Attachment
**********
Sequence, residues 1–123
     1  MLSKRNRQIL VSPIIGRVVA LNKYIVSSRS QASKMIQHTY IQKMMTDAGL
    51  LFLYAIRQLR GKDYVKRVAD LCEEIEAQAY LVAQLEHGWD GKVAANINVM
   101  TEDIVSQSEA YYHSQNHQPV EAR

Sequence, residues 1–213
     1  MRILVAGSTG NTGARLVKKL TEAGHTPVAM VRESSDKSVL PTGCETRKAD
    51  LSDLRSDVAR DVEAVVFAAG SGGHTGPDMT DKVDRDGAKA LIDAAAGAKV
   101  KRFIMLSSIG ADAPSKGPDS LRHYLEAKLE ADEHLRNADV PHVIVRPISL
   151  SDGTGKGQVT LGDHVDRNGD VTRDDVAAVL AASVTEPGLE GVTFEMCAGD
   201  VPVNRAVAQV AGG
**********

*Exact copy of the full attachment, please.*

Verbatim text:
Sequence, residues 1–123
     1  MLSKRNRQIL VSPIIGRVVA LNKYIVSSRS QASKMIQHTY IQKMMTDAGL
    51  LFLYAIRQLR GKDYVKRVAD LCEEIEAQAY LVAQLEHGWD GKVAANINVM
   101  TEDIVSQSEA YYHSQNHQPV EAR

Sequence, residues 1–213
     1  MRILVAGSTG NTGARLVKKL TEAGHTPVAM VRESSDKSVL PTGCETRKAD
    51  LSDLRSDVAR DVEAVVFAAG SGGHTGPDMT DKVDRDGAKA LIDAAAGAKV
   101  KRFIMLSSIG ADAPSKGPDS LRHYLEAKLE ADEHLRNADV PHVIVRPISL
   151  SDGTGKGQVT LGDHVDRNGD VTRDDVAAVL AASVTEPGLE GVTFEMCAGD
   201  VPVNRAVAQV AGG